Private Loans (also referred to as Alternative Loans) are used to help bridge the gap between the cost of your education and the amount available from state and federal financial aid programs. Private Loans may carry higher interest rates, require a co-signer, and/or offer different repayment options than federal loans. Each loan program will differ, so it is important that you know the terms and conditions of the loan, as well as your rights and responsibilities as a borrower. It is recommended that students borrow wisely. Before you look at private loans, please make sure that you have exhausted all possible federal and state financial aid funds available. Our office strongly recommends that students file the Free Application for Federal Student Aid (FAFSA) before applying for private loans.
FastChoice will enable you to research and compare numerous lenders and loan programs.
Private loans for the next academic year will not be processed prior to July. Most lenders require a credit check which is only valid for 90 days. Please keep this in mind when applying for private loans.
*Processing time can take up to one month depending on current volume.
You will need to choose a lender and apply for the loan directly using the lender's online application on their website. You may conduct your own research and apply using any lender you wish. Our office will certify Private Loans from any lender.You may need to apply for a Private Loan with a co-signer. A co-signer is someone who signs your promissory note along with you. By co-signing your promissory note, this person assumes responsibility for the loan if you fail to repay it. If you have limited or damaged credit history, applying with a co-signer can increase your chances of receiving a private loan with the most attractive terms. If you are not a U.S. citizen or permanent resident alien, you may be required to apply with a co-signer.
Once you choose a lender and apply for the loan (online or in person), the lender will notify you of the results of your credit check. If approved, your lender will notify UW-Whitewaterl of your loan request. Most lenders won't notify our office until you have completed the application process and sign the promissory note. When the Financial Aid Office has all the necessary information we will certify the loan based on your cost of attendance and communicate with the lender directly to request disbursement. If a loan is certified prior to the beginning of the semester we will certify your loan as a full time student unless you request another enrollment status in writing. Please notify our office as soon as possible if you are not going to be enrolled full time. If any additional information is required, you will be contact by e-mail to your UWW e-mail account or by paper to your address on WINS.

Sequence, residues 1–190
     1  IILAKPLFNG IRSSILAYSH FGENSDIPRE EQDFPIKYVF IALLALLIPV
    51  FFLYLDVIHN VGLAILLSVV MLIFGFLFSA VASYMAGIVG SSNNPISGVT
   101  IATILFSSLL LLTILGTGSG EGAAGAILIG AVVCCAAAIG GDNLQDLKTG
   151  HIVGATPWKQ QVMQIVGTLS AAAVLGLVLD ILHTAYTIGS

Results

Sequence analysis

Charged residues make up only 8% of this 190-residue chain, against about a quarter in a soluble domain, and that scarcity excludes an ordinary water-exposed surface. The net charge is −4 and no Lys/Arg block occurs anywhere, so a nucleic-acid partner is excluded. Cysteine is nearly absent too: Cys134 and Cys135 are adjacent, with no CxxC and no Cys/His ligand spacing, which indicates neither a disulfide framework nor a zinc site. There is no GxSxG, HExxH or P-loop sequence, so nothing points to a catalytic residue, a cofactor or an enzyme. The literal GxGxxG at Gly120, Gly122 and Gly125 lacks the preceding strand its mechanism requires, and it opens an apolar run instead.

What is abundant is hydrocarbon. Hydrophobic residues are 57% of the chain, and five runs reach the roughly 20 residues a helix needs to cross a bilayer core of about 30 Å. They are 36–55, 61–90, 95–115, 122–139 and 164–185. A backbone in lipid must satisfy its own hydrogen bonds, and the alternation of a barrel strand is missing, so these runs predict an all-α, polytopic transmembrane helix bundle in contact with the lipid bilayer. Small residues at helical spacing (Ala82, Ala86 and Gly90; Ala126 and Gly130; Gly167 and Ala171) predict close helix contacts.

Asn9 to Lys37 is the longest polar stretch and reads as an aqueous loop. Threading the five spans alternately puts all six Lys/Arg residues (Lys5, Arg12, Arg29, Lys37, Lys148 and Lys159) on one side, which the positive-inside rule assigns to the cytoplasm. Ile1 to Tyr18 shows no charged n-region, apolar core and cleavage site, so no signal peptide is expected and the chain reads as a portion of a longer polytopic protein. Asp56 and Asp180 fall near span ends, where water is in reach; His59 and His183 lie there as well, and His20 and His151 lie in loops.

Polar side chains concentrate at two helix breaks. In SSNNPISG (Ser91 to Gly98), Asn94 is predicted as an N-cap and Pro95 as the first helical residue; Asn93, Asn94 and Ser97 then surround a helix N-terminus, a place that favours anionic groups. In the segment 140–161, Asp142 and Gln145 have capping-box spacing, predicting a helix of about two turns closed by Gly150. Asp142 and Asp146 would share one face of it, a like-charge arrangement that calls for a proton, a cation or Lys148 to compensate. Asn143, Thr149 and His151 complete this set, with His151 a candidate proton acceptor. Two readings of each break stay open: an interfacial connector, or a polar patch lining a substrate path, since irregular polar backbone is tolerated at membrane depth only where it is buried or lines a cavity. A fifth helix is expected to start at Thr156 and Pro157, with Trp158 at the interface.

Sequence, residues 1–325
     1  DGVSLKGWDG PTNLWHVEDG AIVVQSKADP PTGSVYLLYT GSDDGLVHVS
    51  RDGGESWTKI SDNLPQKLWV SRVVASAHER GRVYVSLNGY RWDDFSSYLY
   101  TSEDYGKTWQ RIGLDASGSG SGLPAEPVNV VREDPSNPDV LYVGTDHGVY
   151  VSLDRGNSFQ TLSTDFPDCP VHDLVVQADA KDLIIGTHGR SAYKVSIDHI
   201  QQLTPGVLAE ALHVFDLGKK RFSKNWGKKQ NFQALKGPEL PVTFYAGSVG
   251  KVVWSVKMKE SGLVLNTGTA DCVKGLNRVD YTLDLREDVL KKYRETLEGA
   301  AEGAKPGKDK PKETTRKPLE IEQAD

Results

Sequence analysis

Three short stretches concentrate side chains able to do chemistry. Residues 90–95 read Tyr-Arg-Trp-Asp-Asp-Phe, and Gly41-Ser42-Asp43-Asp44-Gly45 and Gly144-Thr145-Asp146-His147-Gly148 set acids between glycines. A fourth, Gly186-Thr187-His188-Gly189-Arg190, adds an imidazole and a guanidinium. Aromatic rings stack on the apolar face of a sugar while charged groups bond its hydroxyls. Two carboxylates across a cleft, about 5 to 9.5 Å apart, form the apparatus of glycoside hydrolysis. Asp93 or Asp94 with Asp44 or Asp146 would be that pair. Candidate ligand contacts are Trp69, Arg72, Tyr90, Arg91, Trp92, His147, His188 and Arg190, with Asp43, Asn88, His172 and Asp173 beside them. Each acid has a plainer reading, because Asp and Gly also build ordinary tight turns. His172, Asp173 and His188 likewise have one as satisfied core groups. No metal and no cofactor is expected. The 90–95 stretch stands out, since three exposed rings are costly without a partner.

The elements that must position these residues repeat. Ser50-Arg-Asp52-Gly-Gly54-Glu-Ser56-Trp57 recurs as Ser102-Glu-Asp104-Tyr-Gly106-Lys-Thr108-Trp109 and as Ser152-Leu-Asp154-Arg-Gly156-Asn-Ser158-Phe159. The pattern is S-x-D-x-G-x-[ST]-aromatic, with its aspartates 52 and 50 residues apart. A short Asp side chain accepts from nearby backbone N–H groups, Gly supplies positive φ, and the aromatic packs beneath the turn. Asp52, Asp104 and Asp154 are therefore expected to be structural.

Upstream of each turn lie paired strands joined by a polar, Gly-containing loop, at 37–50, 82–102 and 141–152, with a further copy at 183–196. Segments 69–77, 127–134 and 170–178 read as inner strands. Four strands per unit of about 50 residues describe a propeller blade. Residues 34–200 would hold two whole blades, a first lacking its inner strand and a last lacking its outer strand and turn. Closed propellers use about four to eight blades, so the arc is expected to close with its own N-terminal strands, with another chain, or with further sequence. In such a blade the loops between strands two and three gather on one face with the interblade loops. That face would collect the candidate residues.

Once the funds are disbursed to our school, your student account will be credited with the loan funds. These funds will be applied towards tuition, room & board, fees and other charges. Remaining amounts will be refunded to you. You can receive your refund as a check via US Mail or you can sign up for e-Refunding to have the funds directly deposited into the bank account of your choice. Checks are mailed to the local address while school is in session; when school is not in session, checks are mailed to the home address.
|Loan Period||Disbursement Begins on:|
|Academic Year||9/2/2015 - 5/17/2016||8/26/2015 & 1/12/2016|
|Fall Only||9/2/2015 - 12/23/2015||8/26/2015|
|Spring Only||1/19/2016 - 5/17/2016||1/12/2016|
|Summer||5/31/2016 - 8/20/2016||5/30/2016|
|Loan Period||Disbursement Begins on:|
|Academic Year||9/3/2014 - 5/19/2015||9/1/2014 & 1/12/2015|
|Fall Only||9/3/2014 - 12/23/2014||9/1/2014|
|Spring Only||1/20/2015 - 5/19/2015||1/12/2015|
|Summer||5/26/2015 - 8/14/2015||5/27/2015|
The maximum amount that a student may borrow cannot exceed the cost of attendance minus any other aid. Your cost of attendance information is available in your WINS account. To view your cost of attendance information follow these steps: